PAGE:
Almost all the calcium in your body -- more than 99 percent -- is stored in your bones. Although the calcium circulating in your blood comprises less than 1 percent of your total body calcium, maintaining appropriate levels is vital for bone health and normal muscle and nerve function. Three principal hormones regulate blood calcium levels: parathyroid hormone, vitamin D and calcitonin.
Your blood calcium levels are influenced by regulatory processes that occur in your bones, gut and kidneys. Bones undergo constant remodeling. They are broken down by cells called osteoclasts, which release calcium into the bloodstream. Blood calcium can be taken up by other bone cells, called osteoblasts, which use the mineral to produce new bone. Blood calcium levels are also influenced by how much dietary calcium your small intestine absorbs and how much of the mineral your kidneys excrete.
Located on the back of the thyroid gland in your throat, your parathyroid gland consists of four pea-sized nodules. When blood calcium levels drop, the parathyroid gland secretes parathyroid hormone. This hormone works to raise blood calcium levels by stimulating osteoclasts to break down bone and release calcium into the bloodstream.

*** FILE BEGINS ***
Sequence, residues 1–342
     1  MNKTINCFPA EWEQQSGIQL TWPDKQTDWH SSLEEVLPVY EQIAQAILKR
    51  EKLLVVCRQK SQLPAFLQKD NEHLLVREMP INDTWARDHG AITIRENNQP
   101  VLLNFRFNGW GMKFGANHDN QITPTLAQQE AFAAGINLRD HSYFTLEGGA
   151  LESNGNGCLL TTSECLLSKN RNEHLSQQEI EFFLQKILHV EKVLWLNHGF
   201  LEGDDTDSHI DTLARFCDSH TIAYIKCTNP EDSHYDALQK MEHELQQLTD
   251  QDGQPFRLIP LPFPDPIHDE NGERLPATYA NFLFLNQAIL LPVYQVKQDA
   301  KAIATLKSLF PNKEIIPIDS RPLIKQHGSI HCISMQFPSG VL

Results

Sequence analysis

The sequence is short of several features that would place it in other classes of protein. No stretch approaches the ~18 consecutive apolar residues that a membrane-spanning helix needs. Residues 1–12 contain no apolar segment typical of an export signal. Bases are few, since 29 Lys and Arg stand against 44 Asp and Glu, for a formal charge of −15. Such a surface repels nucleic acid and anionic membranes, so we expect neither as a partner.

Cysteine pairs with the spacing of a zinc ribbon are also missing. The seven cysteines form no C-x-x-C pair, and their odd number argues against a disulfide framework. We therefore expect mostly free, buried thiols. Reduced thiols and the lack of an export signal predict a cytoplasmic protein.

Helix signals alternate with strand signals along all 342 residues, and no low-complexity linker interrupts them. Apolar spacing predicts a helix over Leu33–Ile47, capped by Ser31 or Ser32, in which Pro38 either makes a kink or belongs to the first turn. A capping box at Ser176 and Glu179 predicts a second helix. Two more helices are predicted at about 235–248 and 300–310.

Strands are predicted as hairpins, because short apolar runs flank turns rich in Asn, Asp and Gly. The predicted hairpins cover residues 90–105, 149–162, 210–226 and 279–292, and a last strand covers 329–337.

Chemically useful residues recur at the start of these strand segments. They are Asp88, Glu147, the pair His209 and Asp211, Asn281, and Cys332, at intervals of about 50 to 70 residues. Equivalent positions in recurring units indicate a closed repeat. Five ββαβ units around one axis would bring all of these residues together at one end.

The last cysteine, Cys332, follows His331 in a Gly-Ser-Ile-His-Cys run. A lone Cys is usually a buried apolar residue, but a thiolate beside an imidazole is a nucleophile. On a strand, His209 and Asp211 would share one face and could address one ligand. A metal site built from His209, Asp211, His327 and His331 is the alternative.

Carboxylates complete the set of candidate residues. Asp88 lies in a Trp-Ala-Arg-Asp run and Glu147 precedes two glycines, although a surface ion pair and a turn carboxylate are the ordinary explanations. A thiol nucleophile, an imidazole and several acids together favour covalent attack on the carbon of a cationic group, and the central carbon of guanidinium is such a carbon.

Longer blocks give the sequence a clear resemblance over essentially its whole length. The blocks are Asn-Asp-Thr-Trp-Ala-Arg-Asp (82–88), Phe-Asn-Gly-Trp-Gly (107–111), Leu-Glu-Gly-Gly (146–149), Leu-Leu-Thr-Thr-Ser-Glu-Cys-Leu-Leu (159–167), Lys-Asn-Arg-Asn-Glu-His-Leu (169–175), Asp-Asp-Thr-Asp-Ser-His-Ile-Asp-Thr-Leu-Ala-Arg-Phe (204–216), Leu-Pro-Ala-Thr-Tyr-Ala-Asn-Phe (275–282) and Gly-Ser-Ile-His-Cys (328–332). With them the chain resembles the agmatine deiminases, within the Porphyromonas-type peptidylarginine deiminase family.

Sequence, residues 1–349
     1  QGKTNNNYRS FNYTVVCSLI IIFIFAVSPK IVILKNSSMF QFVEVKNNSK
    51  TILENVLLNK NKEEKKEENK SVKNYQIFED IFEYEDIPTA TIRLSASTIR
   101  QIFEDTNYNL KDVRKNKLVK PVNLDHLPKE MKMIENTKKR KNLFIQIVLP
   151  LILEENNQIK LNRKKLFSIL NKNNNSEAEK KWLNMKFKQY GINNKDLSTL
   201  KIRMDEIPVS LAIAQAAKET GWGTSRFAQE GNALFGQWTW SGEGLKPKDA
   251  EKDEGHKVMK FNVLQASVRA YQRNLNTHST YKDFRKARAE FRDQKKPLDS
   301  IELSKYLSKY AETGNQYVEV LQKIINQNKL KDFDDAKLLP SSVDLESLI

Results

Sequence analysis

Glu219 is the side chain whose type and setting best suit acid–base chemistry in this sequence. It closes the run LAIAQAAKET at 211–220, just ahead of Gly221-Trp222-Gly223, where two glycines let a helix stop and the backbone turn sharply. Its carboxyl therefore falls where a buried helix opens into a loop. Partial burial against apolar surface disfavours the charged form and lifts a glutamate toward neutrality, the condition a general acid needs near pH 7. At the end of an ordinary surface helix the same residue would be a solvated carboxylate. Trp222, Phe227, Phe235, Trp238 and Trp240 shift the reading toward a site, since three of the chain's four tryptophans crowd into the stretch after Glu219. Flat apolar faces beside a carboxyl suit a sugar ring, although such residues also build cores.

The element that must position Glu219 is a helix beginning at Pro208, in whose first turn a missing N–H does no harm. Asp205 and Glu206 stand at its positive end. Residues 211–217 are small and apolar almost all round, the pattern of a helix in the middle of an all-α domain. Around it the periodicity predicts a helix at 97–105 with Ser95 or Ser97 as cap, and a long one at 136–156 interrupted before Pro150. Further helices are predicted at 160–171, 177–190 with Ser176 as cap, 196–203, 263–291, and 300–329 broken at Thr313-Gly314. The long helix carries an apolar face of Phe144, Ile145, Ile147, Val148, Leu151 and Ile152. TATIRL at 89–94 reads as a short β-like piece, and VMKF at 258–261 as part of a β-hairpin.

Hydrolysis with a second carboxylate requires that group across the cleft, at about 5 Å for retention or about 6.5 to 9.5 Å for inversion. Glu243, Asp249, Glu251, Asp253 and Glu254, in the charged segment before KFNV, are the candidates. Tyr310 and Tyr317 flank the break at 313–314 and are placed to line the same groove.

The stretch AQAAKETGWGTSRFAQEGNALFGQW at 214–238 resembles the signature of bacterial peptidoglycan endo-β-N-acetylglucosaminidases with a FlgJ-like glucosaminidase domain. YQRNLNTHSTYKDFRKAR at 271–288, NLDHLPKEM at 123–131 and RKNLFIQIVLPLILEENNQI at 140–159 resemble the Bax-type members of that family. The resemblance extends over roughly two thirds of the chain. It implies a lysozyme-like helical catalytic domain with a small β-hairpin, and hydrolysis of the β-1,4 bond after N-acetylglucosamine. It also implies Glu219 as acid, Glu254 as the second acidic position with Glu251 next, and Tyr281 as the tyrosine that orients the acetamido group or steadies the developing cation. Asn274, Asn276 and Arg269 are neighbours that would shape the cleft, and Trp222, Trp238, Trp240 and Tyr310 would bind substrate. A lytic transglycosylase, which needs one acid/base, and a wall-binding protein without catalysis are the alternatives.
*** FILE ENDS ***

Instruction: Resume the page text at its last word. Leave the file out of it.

PTH also signals your kidneys to conserve calcium by reducing the amount excreted in the urine. The hormone also stimulates kidney production of the active form of vitamin D, which triggers increased calcium absorption from the gut. Low levels of PTH -- due to autoimmune disease or another cause -- can lead to abnormally low blood calcium 1. High levels of PTH -- most commonly caused by a parathyroid tumor -- cause excessively high levels of blood calcium.
Vitamin D acts as a hormone in your body to help regulate blood calcium. This steroid hormone is so vital in maintaining calcium balance that its active form is sometimes referred to as calcitriol. Vitamin D is necessary for sufficient absorption of dietary calcium in your small intestine. A deficiency in vitamin D can cause low blood calcium, due to impaired calcium absorption. This can lead to weakening of the bones, as seen with the vitamin D deficiency conditions, rickets and osteomalacia. Vitamin D is produced in your skin with sun exposure, and is in some foods or from a supplement.
Calcitonin, which is produced by your thyroid gland, serves to lower blood calcium levels. It counters the actions of parathyroid hormone. Calcitonin inhibits osteoclast function, slowing the breakdown of bone. By opposing the action of parathyroid hormone on the kidneys, it also increases excretion of calcium in the urine. Calcitonin's effects on blood calcium levels are small in comparison to parathyroid hormone's influence. High levels of calcitonin, which may be caused by a thyroid tumor, generally do not result in elevated blood calcium.
Calcitonin, which is produced by your thyroid gland, serves to lower blood calcium levels. The hormone also stimulates kidney production of the active form of vitamin D, which triggers increased calcium absorption from the gut. PTH also signals your kidneys to conserve calcium by reducing the amount excreted in the urine.
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